We talked at length on the legal and ethical issues around imagery and stock photos. I suggested that the Creative Commons Attribution Share Alike Australia 3.0 copyright license be the governing factor on as much content as possible. If it is possible to apply this copyright license on as much content as possible, it ensures maximum reach, use and flexibility. This license has implications on people's informed consent however. Bridget offered numerous ideas on how to get around these concerns.

The Wikimedia Commons is the multi media repository that feeds Wikipedia and the other major wikimedia projects. All content in there is governed with the CC By SA copyright license - or similar, meaning you are free to reuse any content from there too, provided you attribute the author and source.

Professional Development program[edit source]

On 24 April 2013, Leigh proposed that a regular online meeting time be set, for Bouverie staff (open to others including admin and externals) to optionally drop in as time affords and learn various skills relating to online information and communications. This regular time would be 30-60 minutes every week, where each meeting is focused on a particular skill. This is intended to support the work that being done informally and face to face in The Bouverie by Bridget and Susan.

Once a regular time is set, we would use a range of online meeting platforms from Teleconference, Skype and Google Hangout, through La Trobe's Collaborate and Video Conference facilities. This is all experiential learning. All meetings will be recorded and published for later access and review. The sorts of activities in these sessions will be coordinated with Bouverie people tasked to support this professional development program, but as an indication:

Getting set up to participate[edit source]

  1. Registering interest
  2. Get set up with Google+ and Hangouts
  3. Join the Bouverie Centre Community on Google+
  4. Join a Hangout, invite people to Hangout

Subject and course development[edit source]

  1. Understanding the Australian Qualifications Framework
  2. Writing a text version of a subject schedule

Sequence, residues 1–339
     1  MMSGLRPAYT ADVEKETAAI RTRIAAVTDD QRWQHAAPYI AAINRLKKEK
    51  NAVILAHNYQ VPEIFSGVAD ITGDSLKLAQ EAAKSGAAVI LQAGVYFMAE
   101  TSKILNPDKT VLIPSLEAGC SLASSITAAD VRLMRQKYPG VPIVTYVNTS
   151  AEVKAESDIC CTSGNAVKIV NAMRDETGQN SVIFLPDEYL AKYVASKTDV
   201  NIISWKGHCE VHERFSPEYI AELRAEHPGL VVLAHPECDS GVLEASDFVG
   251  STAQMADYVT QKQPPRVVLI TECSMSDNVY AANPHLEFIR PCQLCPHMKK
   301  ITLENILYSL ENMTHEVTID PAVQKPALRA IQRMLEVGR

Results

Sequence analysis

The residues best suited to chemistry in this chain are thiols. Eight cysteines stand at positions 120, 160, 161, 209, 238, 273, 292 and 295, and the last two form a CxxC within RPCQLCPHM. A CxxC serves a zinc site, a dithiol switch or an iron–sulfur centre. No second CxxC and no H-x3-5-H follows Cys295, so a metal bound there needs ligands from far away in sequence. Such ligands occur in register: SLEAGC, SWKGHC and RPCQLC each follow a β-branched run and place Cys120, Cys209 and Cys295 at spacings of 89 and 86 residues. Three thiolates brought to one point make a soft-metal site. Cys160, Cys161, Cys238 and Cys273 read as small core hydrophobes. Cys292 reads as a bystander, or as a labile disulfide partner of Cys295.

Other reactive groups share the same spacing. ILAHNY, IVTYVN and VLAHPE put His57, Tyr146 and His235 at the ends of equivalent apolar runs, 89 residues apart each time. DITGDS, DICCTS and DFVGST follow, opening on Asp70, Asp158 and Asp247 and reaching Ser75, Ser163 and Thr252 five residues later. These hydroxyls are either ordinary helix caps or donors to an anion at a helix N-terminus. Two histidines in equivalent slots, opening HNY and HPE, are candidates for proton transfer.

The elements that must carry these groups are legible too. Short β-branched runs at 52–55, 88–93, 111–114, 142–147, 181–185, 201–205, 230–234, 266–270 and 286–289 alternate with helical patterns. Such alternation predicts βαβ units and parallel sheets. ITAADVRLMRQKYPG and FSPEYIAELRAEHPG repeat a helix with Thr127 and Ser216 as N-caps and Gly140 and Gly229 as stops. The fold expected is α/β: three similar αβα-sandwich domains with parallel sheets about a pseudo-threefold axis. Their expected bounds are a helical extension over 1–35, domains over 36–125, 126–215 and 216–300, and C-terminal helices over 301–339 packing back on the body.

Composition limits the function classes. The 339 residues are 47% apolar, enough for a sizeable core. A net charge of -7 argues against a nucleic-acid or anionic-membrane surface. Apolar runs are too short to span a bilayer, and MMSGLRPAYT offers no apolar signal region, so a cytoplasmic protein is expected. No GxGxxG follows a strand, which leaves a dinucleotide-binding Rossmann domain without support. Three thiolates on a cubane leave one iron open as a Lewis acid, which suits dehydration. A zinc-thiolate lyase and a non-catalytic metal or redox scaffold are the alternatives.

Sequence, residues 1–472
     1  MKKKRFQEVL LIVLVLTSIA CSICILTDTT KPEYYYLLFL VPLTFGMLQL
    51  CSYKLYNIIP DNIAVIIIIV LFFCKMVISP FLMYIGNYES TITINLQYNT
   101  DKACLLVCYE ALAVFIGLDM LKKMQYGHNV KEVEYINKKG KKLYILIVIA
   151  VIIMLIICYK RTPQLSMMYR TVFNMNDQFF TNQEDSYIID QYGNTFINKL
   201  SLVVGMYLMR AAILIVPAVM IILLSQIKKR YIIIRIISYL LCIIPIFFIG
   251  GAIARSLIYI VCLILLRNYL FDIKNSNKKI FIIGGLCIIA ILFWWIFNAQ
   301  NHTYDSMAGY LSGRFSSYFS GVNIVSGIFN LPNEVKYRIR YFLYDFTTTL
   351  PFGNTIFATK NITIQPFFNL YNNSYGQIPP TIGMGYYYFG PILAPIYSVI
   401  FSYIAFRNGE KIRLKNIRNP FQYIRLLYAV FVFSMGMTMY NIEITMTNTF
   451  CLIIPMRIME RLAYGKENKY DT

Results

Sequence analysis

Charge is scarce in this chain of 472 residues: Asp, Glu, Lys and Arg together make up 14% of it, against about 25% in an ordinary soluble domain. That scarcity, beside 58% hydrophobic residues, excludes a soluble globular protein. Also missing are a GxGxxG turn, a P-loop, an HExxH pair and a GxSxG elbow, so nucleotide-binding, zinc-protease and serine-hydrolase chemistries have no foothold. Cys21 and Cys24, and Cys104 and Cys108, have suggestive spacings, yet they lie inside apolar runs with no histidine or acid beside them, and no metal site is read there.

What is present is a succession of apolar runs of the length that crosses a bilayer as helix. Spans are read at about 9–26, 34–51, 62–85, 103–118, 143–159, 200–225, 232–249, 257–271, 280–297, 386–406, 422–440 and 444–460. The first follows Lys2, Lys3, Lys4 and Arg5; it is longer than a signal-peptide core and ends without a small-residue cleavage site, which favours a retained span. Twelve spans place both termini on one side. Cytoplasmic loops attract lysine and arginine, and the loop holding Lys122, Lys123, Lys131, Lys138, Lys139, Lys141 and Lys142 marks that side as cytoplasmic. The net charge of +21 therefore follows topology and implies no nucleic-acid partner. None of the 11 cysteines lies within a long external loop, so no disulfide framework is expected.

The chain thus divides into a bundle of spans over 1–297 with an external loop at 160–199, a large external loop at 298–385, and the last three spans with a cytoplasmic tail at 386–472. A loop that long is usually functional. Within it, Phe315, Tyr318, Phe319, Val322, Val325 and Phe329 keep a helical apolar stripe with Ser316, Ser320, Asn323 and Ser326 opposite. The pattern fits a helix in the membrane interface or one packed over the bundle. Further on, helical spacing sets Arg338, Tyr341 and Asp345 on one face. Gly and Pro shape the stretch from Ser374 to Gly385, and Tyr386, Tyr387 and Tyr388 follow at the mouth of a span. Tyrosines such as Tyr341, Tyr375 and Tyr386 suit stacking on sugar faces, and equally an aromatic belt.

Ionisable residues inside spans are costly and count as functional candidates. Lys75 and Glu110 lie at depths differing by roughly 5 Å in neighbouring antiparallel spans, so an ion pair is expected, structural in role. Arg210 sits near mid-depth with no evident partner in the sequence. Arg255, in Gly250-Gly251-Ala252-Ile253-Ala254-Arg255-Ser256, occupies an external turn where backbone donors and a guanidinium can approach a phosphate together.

3. Methods of writing in plain language
  4. Formulating assessable learning objectives
  5. Ideas for activities, assignments and assessment

Educational content production and management[edit source]

  1. Consent, copyright and publishing online
  2. Creating an account on Wikimedia projects (Wikipedia, Wikimedia Commons, Wikiversity and Wikibooks)
  3. Creating a Userpage on Wikiversity
  4. Creating a subject outline on Wikiversity
  5. Finding a using a photo on Wikimedia Commons
  6. Uploading a photo to Wikimedia Commons
  7. Creating a Youtube playlist
  8. Recording a presentation, interview, panel discussion part 1
  9. Recording a presentation, interview, panel discussion part 2
  10. Creating your own professional website (subject, course, project, community hub)
  11. Getting news and announcements out there
  12. Copying a Wikiversity subject outline to Moodle
  13. Copying a Wikiversity subject outline to a website

Activities, assignments and assessment[edit source]

  1. Activity and assignments that benefit public knowledge
  2. Learner generated content and methods of peer review
  3. Situated learning, and how formal education can compliment non formal and informal
  4. Assessment in communities of practice

Methods of communication[edit source]

  1. Using group SMS
  2. Using a telephone conference
  3. Using an email forum
  4. Using Google+ Hangouts and Live
  5. Using Skype
  6. Using Collaborate
  7. Using video conference